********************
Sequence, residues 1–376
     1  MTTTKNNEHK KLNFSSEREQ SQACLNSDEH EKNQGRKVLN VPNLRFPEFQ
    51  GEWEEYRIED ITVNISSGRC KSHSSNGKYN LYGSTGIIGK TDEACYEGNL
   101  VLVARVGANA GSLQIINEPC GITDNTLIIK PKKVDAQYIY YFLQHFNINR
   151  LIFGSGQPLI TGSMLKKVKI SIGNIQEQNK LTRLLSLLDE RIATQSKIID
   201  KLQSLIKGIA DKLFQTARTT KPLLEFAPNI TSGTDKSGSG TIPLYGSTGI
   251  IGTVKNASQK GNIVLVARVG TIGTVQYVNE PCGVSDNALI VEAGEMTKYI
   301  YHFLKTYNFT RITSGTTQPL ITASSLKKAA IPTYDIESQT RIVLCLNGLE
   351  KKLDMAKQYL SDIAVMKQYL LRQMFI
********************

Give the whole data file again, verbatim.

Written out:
Sequence, residues 1–376
     1  MTTTKNNEHK KLNFSSEREQ SQACLNSDEH EKNQGRKVLN VPNLRFPEFQ
    51  GEWEEYRIED ITVNISSGRC KSHSSNGKYN LYGSTGIIGK TDEACYEGNL
   101  VLVARVGANA GSLQIINEPC GITDNTLIIK PKKVDAQYIY YFLQHFNINR
   151  LIFGSGQPLI TGSMLKKVKI SIGNIQEQNK LTRLLSLLDE RIATQSKIID
   201  KLQSLIKGIA DKLFQTARTT KPLLEFAPNI TSGTDKSGSG TIPLYGSTGI
   251  IGTVKNASQK GNIVLVARVG TIGTVQYVNE PCGVSDNALI VEAGEMTKYI
   301  YHFLKTYNFT RITSGTTQPL ITASSLKKAA IPTYDIESQT RIVLCLNGLE
   351  KKLDMAKQYL SDIAVMKQYL LRQMFI